Daniel Gordis is the Koret Distinguished Fellow at Shalem College in Jerusalem and the author, most recently, of We Stand Divided: The Rift Between American Jews and Israel.
The author of our October essay joins us to talk about the sources of Jewish resilience, and to share his memories of the Six-Day War.
Jews are a people that has long battled for ideas. Can any sense of purpose be forged in the absence of theology, or a lifelong engagement with the texts of the Jewish canon?
In Israel and in traditional communities, life and liturgy don’t run away from hardship. Most American Jews prefer to think on the brighter side, but that comes at a high cost.
The scholar and commentator drops by the studio to illuminate what the divide is about, what it’s not about, and what it all means.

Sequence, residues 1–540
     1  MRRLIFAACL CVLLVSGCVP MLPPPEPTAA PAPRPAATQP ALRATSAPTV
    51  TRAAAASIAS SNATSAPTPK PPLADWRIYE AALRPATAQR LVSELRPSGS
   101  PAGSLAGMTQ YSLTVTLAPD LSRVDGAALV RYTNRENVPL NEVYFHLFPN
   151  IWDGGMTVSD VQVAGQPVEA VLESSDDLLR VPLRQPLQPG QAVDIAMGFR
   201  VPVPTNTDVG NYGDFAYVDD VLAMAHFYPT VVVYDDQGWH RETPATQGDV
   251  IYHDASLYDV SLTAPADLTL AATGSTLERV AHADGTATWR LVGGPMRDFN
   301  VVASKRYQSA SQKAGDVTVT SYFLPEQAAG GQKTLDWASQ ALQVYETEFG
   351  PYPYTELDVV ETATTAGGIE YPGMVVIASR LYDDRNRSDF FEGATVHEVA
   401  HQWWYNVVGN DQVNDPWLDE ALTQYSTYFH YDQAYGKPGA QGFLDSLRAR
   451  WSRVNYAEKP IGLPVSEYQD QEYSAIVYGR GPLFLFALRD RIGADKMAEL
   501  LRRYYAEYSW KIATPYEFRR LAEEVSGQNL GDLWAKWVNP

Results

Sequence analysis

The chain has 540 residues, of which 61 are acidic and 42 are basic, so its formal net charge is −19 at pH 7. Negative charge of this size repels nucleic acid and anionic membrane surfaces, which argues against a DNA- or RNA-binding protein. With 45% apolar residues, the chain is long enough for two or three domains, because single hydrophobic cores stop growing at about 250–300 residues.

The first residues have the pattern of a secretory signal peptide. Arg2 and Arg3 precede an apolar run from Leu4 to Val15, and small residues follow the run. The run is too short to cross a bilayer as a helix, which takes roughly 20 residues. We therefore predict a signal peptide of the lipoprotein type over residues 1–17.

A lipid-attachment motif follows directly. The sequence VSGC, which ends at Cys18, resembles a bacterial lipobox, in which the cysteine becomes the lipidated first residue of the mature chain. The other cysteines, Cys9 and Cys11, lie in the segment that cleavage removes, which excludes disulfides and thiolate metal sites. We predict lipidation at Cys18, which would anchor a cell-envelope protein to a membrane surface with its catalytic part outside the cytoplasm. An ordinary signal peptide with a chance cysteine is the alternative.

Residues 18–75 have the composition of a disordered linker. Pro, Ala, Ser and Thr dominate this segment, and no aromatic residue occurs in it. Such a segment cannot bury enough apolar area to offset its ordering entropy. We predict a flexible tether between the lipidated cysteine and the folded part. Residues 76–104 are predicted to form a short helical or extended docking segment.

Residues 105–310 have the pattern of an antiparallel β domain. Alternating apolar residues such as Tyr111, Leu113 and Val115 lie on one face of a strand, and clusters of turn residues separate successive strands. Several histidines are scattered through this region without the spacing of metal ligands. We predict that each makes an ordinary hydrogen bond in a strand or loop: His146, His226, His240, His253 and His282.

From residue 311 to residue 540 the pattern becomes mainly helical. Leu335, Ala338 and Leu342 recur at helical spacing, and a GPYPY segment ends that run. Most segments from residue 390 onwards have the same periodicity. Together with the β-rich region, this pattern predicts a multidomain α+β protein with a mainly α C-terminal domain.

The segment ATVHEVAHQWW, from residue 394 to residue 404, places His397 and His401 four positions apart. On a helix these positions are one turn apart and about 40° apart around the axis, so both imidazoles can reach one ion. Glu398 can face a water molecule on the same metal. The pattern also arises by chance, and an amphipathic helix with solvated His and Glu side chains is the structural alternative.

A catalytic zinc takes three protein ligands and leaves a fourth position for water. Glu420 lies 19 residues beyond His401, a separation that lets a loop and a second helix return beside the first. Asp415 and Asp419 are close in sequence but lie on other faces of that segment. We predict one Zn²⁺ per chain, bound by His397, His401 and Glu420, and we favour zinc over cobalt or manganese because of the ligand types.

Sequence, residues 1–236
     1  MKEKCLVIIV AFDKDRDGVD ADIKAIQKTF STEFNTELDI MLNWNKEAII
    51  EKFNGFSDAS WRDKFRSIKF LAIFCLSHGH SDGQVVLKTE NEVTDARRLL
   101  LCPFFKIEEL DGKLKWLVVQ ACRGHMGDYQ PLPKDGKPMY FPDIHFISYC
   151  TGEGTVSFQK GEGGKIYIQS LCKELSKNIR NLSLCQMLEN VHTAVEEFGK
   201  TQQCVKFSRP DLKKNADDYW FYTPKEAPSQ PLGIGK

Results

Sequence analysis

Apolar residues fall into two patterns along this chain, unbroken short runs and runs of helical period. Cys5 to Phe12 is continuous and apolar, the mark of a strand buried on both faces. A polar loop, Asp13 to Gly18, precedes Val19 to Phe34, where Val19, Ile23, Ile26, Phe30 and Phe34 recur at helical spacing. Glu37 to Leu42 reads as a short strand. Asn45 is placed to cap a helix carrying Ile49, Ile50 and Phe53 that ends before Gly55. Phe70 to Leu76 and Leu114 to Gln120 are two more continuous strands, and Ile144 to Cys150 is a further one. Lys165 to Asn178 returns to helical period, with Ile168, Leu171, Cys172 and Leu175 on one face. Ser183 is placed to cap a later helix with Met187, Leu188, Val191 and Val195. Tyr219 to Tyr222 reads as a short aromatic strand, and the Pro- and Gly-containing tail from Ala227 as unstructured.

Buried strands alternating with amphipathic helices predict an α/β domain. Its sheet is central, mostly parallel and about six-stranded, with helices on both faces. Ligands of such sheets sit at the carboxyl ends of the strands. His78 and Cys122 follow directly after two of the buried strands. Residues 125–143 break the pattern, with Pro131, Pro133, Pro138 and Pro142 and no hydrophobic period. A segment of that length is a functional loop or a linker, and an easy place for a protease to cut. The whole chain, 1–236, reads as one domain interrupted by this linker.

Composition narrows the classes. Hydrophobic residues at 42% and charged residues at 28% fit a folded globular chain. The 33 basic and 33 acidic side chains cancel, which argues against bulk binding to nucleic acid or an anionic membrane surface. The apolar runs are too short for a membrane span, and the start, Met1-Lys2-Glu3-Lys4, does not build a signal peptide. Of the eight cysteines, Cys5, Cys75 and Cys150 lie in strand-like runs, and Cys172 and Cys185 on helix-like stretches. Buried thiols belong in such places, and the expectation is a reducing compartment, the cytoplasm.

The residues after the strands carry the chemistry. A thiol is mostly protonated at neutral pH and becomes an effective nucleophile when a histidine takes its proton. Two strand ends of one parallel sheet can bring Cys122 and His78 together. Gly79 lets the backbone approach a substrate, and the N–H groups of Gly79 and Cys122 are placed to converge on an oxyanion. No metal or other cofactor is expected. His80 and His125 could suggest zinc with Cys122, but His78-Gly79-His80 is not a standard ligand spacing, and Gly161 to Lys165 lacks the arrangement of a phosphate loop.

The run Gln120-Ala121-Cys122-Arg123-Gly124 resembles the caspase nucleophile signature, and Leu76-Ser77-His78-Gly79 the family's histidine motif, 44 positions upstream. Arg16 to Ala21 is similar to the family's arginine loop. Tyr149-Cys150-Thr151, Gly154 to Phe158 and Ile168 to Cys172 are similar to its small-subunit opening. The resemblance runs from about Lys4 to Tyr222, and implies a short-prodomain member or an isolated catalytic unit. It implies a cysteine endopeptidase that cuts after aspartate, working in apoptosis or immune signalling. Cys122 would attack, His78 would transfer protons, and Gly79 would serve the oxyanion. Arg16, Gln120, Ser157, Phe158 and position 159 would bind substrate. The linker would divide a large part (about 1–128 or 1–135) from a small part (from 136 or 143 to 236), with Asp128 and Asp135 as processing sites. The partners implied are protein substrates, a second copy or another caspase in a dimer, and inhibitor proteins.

Daniel Gordis and Elliott Abrams debate the proper response to the Israeli government’s recent decisions on prayer at the Western Wall and conversion to Judaism.
From some of its founding ideas to some of its most thoughtful and essential institutions, American Jews have given the Jewish state much to be proud of.
It’s not about what Israel does. It’s about what, to their minds, Israel is.
In recent years they’ve let go of both ancient communal memory and recent political memory. No wonder they’re now letting go of Israel.